A reader was curious: Why just “Rillabooks“? Don’t you read picture books to your little boys, too?
Yup, loads of them. But my three youngest children are experiencing books differently from each other, right now. Huck is, well, a two-year-old. He loves books, loves especially to point out 1) trucks, 2) cars, 3) tow trucks that awesomely pull cars, and 4) trucks and cars actually existing in close proximity to one another on those supercalifragilistic miracles of creation called roads, upon which, if one is extremely lucky, one might also find a bus.
So while he’ll clamber up beside me when I’m reading to Rilla and listening to a few pages, mostly he’s at the talk-about-pictures stage, not the listen-to-a-story stage. All in good time.
As for my sweet Wonderboy, he too comes at a story from a different angle. He’ll listen happily to a read-aloud, but he isn’t really into nuances. He likes good, solid, concrete facts. That’s a boat. That’s a girl. That’s a baby. The girl and the baby are getting in the boat. They’re catching a fish. They’re eating fish soup. Whoa, that was a really great story! Layers, rich language, subtleties, tensions (of which the book I’m referring to has many examples)—these are not what Wonderboy is looking for in a story right now. And that’s fine. What he IS looking for are words he recognizes (very exciting) and special time with mom (delightful), and if you want to throw in some monkeys wearing hats, so much the better.
Rilla, at five-next-month, is relishing the whole package. Plot, characters, setting, language, emotions, sensory details, suspense, conflict, humor, flights of fancy—these are the things she’s reacting to when she listens to (and looks at; the poring-over is such an important part of the experience) a picture book. Often she’ll request the same book two, three, four times in a row, honing in on different aspects each time. Sometimes it’s about the reading—she wants to be the one to read the names, or the repeated phrases, or the punchlines, or a certain character’s dialogue. Sometimes it’s about the art: finger on the page, Look, Mommy, there’s a tiny mouse under the bed. Sometimes it’s about the deep mysteries of Life, the Universe, and Everything: Why did Fats Watson do that? Why is he jealous? Why did Christina Katerina’s mom keep wanting to get rid of that clearly fabulous box?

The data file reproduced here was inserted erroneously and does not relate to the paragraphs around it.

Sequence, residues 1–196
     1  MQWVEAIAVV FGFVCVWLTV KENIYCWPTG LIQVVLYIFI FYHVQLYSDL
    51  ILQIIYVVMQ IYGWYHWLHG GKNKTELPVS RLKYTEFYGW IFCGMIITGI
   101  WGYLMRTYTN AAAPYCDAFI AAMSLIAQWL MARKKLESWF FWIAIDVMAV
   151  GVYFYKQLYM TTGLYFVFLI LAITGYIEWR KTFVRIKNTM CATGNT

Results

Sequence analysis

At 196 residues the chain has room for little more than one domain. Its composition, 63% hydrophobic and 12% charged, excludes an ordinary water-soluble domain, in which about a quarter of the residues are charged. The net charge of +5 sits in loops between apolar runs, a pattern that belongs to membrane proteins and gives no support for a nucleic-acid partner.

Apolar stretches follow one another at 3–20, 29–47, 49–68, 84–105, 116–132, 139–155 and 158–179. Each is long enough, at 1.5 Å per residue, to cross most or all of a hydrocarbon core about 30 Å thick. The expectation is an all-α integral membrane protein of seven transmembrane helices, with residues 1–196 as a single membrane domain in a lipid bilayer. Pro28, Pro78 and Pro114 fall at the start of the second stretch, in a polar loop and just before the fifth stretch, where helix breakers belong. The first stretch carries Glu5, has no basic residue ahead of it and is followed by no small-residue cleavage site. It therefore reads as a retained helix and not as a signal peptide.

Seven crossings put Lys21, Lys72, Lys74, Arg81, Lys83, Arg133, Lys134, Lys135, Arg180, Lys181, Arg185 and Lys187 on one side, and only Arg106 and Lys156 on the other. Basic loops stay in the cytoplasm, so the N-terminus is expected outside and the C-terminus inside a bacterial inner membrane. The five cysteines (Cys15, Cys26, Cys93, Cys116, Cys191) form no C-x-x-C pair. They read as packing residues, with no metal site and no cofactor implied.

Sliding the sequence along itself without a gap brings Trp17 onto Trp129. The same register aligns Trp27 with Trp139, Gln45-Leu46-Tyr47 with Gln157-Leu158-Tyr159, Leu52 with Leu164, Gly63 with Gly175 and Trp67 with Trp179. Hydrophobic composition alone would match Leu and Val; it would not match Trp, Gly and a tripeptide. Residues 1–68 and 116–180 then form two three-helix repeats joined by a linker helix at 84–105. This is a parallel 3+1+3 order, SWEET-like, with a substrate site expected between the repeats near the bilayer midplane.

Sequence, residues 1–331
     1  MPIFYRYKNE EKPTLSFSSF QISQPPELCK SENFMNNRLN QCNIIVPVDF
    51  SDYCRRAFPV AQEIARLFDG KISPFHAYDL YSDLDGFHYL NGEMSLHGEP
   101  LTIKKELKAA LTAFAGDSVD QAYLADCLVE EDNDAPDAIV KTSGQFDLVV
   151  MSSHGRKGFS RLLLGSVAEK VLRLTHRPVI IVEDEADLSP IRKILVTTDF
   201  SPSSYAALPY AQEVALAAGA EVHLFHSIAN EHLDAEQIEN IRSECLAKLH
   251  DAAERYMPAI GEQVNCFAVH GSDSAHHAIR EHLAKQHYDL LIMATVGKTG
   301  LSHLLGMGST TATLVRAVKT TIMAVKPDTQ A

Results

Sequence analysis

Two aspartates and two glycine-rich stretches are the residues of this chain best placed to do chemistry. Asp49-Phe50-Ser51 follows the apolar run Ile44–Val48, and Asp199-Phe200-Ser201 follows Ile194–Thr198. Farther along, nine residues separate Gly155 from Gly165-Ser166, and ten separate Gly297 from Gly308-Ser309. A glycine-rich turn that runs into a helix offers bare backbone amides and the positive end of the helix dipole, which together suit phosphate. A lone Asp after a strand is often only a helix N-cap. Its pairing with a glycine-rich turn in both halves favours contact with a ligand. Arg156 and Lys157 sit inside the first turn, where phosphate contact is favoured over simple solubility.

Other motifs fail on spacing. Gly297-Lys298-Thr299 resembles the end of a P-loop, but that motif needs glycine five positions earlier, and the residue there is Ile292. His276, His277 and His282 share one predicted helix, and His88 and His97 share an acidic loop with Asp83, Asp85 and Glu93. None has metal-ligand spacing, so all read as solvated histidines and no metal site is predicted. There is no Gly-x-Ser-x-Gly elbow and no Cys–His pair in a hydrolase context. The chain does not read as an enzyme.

Her tastes are wide-ranging these days; she’s wanting to go both broad and deep. As in: she’s happiest if we have beside us a stack of half a dozen books, some new to her, some of them books she’s heard a zillion times before. Her huge appetite makes for a lively and varied reading list, which, let’s face it, is a lot easier to blog about than Caps for Sale Fifty-Seven Days in a Row.
So that’s why I’ve been focusing on the Rillabooks. And I have to say I’ve been loving the way these posts have encouraged me to take advantage of our picture-book collection. I really learned a lesson from the egregious Miss Rumphius oversight. It’s been a joy to rediscover some of these gems and to watch Rilla—and her brothers, too, though their reasons are different—fall in love with them for the first time.
Oh No Ivanhoe
The Star of Christmas
Best. Review. Ever.
You Had Me at “Studio Ghibli Does The Borrowers”